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The Traveling Companion by Gyula Krúdy – Translation Tragedy.

March 6, 2022 16 comments

The Traveling Companion by Gyula Krúdy (1918) French title: Le Compagnon de voyage. Translated by François Gachot. (1990)

Gyula Krúdy (1878-1933) was a Hungarian writer and journalist. The Traveling Companion was published in 1918 but the first French translation only dates back to 1990 and it’s still not translated into English. So, if George Szirtes doesn’t know what to do with his free time…

I’ve already read N.N. by Krúdy, also published by the Swiss publisher LaBaconnière, in the collection directed by Ibolya Virág. According to their website, LaBaconnière sounds like an independent publisher. Lucky me, Lizzy and Karen have extended #ReadIndies until mid-March…But back to the book.

The Traveling Companion has a classic opening: in a train compartment a traveler confides his story to a fellow passenger. The narrator relates the man’s story, how he settled in a small town after wandering around the country. He was forty-four, experiencing a mid-life crisis and this is how he describes himself:

Quant à ce genre de fou que son esprit chevaleresque incite à se faire secouer douze heures durant dans un wagon, si ce n’est une voiture ou un traineau, pour aller baiser la main d’une femme, écouter le chuchotement d’une voix, respirer la senteur d’une jupe ou d’un corsage, exprimer, en retenant son souffle, son adoration au fond d’un jardin sous une tonnelle ou dans un sentier où l’aimée s’est rendue, après avoir quitté subrepticement son lit, eh bien, ce genre de fou est aussi rare qu’un merle blanc. Il fut, néanmoins, un temps où j’ai été cette sorte de merle blanc. J’ai explosé d’amour, comme une charge de dynamite placée dans une carrière d’où une fumée jaunâtre s’échappe le long de la pente de la montagne, avant de se disperser sans laisser de trace.As for this kind of crazy man whose chivalrous mindset encourages him to be rocked during twelve hours in a train compartment, a carriage or a sleigh in order to kiss the hand of a woman, listen to a whispering voice, breathe the scent of a skirt or a blouse or go to a garden and breathlessly express his adoration under a gazebo or on a path where the loved one met him after secretly leaving her bed, well, this kind of crazy man is as rare as a white blackbird. However, once upon a time, I was that kind of white blackbird. I blew out of love, like a stick of dynamite set up in a quarry from which a yellowish smoke goes up the side of the mountain and disappears without leaving a trace.   (My clumsy translation.)

This is a man whose profession is to fall in love with women all over the country, but preferably in small provincial towns of Upper Hungary. This quote (pardon my clumsy translation) sounds like a long sentence by Marcel Proust where the Narrator would mull over all his attempts at getting close to one woman or the other. Except that Proust’s Narrator usually remains at the dream stage and Krúdy’s character acts upon his desires.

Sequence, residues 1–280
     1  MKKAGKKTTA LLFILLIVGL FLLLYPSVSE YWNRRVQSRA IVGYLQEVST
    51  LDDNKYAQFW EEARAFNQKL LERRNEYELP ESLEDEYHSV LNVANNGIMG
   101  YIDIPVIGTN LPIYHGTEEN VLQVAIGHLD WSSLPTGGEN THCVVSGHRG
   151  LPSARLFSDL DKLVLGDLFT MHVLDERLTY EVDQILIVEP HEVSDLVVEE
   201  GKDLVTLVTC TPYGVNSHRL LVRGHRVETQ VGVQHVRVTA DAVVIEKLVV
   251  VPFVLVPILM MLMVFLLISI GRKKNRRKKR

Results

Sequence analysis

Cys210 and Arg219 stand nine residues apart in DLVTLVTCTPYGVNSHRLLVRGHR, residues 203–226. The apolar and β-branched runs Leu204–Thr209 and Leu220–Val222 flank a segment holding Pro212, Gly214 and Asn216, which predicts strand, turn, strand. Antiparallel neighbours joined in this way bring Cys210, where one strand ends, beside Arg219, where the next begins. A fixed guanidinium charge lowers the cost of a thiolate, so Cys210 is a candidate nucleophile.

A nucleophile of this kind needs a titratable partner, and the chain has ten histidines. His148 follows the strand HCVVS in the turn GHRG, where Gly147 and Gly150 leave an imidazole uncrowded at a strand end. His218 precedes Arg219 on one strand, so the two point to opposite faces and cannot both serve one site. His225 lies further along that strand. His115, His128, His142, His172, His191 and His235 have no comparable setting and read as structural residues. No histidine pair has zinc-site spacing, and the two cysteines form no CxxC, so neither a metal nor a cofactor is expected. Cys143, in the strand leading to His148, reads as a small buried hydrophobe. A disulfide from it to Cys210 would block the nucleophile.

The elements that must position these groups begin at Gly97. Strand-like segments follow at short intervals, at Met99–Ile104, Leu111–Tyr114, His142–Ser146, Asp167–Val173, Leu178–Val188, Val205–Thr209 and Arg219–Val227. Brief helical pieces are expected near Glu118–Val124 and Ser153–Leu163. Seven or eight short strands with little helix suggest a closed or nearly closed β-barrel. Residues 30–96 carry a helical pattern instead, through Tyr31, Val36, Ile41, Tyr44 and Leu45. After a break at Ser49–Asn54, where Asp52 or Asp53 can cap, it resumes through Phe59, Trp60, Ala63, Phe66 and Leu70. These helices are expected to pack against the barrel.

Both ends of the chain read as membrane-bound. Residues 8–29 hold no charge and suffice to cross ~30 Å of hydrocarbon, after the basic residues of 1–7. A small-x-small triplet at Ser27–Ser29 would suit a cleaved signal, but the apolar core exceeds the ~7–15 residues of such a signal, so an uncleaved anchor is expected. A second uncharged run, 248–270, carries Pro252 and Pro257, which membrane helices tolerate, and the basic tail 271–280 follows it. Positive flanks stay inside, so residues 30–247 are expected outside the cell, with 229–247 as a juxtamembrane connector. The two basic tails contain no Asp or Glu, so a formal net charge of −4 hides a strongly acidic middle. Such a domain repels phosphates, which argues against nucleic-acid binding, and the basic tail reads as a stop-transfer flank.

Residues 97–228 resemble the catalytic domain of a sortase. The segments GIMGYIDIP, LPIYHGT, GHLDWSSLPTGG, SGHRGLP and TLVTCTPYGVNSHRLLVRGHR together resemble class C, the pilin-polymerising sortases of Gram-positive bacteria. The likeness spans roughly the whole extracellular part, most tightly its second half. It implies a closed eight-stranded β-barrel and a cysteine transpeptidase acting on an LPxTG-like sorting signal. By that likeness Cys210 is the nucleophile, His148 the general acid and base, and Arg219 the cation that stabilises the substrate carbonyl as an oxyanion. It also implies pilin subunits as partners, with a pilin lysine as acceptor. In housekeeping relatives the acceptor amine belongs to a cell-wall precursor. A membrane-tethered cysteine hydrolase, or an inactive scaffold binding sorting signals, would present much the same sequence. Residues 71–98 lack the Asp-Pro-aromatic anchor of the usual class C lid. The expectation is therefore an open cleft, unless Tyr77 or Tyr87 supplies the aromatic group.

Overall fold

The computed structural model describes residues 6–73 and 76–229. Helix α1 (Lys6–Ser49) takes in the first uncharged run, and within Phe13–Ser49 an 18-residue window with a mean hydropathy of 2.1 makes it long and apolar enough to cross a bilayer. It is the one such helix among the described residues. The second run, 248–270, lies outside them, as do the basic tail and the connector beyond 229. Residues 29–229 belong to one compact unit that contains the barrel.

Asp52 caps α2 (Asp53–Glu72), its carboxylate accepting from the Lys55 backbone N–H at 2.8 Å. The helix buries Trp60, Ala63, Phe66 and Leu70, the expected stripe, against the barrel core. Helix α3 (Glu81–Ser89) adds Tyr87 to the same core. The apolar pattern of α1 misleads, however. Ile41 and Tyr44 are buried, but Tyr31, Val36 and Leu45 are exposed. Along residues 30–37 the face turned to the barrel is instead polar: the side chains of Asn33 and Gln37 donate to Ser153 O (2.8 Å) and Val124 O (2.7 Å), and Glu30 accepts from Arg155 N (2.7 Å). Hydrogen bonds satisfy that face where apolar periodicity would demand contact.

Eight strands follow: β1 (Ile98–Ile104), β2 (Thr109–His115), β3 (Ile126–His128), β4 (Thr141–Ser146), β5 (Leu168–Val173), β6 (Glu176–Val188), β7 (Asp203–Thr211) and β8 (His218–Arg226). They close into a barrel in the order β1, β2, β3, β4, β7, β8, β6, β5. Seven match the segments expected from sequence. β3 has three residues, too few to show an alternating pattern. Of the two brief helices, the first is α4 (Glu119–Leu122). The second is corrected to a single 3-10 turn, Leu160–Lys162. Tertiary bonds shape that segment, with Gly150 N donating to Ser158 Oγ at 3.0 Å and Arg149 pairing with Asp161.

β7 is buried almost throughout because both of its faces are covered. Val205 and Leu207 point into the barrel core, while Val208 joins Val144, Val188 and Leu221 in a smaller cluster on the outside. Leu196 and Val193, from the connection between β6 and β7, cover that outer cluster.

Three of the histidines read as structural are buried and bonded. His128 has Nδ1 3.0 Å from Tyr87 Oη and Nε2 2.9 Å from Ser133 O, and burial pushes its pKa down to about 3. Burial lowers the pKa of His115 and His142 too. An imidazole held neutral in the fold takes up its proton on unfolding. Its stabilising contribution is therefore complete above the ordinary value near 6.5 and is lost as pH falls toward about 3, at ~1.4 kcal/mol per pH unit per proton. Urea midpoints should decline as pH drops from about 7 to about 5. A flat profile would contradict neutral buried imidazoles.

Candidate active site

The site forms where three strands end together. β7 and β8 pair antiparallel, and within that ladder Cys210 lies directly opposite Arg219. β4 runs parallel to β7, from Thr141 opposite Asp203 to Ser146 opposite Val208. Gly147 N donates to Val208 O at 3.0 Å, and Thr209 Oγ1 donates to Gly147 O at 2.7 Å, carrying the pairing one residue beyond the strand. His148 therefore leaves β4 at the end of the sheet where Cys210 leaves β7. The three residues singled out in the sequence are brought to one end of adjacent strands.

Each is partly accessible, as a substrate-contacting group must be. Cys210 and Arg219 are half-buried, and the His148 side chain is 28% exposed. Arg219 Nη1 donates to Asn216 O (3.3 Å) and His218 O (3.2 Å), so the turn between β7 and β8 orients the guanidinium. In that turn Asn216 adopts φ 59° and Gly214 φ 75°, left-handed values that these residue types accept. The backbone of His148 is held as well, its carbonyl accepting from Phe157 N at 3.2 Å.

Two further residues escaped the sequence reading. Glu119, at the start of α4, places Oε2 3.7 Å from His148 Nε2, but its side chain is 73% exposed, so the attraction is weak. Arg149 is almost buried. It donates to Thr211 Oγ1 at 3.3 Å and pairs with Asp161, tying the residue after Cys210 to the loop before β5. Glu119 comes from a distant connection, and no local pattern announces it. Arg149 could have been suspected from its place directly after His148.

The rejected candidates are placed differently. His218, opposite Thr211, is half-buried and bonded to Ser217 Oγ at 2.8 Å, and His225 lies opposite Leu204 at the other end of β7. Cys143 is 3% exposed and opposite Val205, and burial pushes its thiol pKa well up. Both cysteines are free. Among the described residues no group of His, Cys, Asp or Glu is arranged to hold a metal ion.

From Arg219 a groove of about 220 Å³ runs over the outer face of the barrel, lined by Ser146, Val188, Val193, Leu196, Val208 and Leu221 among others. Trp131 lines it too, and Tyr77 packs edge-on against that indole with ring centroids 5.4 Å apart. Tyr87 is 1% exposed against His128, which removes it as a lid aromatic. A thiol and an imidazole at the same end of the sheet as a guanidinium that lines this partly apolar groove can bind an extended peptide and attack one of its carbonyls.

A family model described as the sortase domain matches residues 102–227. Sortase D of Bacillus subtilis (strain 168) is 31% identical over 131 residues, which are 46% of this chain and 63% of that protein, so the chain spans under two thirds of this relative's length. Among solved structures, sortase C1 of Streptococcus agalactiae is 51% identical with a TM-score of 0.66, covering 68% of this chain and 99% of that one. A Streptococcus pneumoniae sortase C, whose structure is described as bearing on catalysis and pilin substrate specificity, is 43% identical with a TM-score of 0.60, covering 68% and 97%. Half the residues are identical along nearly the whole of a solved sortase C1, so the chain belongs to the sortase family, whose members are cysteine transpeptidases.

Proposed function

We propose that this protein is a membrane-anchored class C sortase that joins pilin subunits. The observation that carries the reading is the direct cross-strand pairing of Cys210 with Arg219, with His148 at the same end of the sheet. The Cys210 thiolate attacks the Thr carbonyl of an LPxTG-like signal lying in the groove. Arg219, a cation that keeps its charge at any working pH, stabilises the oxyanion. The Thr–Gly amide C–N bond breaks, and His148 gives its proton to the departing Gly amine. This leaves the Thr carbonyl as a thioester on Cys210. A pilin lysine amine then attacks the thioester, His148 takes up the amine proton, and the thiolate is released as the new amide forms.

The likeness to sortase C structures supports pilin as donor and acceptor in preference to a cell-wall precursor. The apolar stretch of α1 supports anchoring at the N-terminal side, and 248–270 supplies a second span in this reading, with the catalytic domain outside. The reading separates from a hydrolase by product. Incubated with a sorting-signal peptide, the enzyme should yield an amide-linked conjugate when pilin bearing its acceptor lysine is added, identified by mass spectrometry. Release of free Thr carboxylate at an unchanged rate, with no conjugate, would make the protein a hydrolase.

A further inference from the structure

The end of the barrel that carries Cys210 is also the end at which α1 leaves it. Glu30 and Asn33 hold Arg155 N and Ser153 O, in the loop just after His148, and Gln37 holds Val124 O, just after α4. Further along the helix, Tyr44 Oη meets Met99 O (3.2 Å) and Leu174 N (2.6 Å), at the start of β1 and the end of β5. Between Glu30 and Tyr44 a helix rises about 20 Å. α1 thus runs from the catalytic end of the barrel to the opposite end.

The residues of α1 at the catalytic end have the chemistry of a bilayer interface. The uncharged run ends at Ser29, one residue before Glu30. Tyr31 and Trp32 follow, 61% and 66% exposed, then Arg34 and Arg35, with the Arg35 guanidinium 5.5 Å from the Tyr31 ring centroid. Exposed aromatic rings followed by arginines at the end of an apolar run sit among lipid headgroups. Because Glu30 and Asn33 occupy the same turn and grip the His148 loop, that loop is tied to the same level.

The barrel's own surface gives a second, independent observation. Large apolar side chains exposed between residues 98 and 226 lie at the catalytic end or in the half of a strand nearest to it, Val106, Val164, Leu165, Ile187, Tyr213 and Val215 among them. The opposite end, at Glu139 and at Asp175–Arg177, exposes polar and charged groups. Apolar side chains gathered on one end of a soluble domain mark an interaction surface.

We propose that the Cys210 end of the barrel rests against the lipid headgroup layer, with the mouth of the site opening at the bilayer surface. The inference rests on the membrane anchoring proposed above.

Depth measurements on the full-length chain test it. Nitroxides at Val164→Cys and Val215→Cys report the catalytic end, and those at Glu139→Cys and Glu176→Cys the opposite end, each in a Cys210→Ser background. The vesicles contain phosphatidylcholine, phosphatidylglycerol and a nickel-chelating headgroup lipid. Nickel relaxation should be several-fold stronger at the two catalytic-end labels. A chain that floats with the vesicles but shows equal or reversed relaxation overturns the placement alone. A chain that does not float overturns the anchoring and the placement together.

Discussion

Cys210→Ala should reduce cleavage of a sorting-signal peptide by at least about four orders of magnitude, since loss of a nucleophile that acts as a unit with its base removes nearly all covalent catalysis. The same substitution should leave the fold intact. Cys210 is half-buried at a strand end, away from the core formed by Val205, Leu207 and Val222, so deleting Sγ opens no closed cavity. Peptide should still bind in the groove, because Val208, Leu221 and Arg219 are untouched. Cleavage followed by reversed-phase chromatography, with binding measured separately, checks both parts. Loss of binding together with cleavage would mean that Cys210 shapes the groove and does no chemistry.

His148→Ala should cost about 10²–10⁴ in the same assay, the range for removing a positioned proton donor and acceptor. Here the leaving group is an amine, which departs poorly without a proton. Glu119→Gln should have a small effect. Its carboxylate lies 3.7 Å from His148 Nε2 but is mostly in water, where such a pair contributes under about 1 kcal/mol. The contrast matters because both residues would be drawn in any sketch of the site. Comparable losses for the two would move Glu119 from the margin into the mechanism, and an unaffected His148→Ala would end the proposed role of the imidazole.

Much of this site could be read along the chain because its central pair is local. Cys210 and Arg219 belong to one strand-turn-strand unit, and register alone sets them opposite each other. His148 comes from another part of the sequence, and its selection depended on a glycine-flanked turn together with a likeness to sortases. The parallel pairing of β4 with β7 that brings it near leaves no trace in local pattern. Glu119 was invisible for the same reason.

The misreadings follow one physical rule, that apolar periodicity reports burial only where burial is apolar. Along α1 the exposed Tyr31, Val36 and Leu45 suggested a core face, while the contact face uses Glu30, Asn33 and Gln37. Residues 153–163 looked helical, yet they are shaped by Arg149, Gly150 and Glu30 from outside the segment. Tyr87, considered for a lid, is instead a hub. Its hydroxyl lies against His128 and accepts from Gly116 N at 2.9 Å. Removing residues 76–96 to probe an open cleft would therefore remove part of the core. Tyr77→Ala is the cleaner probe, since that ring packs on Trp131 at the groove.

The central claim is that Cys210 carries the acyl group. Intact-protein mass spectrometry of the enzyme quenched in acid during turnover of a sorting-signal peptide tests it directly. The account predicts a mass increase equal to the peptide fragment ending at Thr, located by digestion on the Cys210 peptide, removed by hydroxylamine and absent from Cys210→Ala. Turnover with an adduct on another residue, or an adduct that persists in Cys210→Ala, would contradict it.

The man arrives in town by train and explains that he doesn’t like to stay in hotels but prefers bed and breakfasts. This is how he enters into Mrs Hartvig’s house. Her husband is often away on business, she’s at home with the children and could rent him a room. He seduces her the first day, charmed by the turn of her legs and the unexpected elegance of her shoes. Krúdy, like his character can be straight to the point. This is how he portrays Mrs Hartvig:

Eh bien, Mme Hartvig était comme une nonne qui serait née avec des jambes de putain.Well, Mrs Hartvig was like a nun who was born with a whore’s legs.   (More of my clumsy translations)

He doesn’t believe his good luck and how this lady could fall into his lap so easily. The affair doesn’t last but he stays with the Hartvigs and settles in the small town. Krúdy has a knack for the description of small-town life. We meet the local bourgeois and learn about their life, their customs and their ways. His style has a lyrical tone, he mixes the feeling of his character, who is always on the verge of falling in love with descriptions of the countryside. He’s a butterfly who flies from one woman to the other, heart fluttering and lust simmering. But he can still point out the ridicules of the provincial community.

This goes on until he really falls for Eszéna, a young girl in flower. Her mother is unmarried and she wishes that her daughter becomes a nun. Eszéna wants to know love before going to the convent and she’s ready to let herself fall for this stranger. He’s all too willing, of course.

I know I shouldn’t read books written in 1918 with my twenty-first and post-feminism glasses. But still, I was ill-at-ease with a forty-four years old man planning to meet an adolescent for a tryst. The man is a scoundrel, when you analyze things with hindsight but everything he does is genuine. He loves women, falls in and out of love, can’t help it and would rather deal with the consequences than refrain from anything.

He’s close Krúdy himself, as I discovered him in the autobiographical N.N. and I found in The Traveling Companion the same kind of old-world poetry. I suspect he’s not easy to translate into French, especially since French and Hungarian have nothing in common. (You can’t find the toilets in Budapest without a pictogram to lead you to the right direction.) Krúdy gives the impression of a man deeply moved by beauty and able to find it everywhere.

The Traveling Companion leaves you with a feeling of fleetingness, of a man passing through like a southern wind, of someone on the move and who loves to love.

Translation Tragedy.

Other books by Krúdy on this blog: The Charmed Life of Kázmér Rezeda – Budapest in 1913 and The adventures of Sindbad.

20 Books of Summer #17: The Charmed Life of Kázmér Rezeda by Gyula Krúdy – Budapest in 1913

September 13, 2020 7 comments

The Charmed Life of Kázmér Rezeda by Gyula Krúdy (1933) Translated by John Bátki. Not available in French, as far as I know.

Everyone lived their lives, only Rezeda lived in a dream.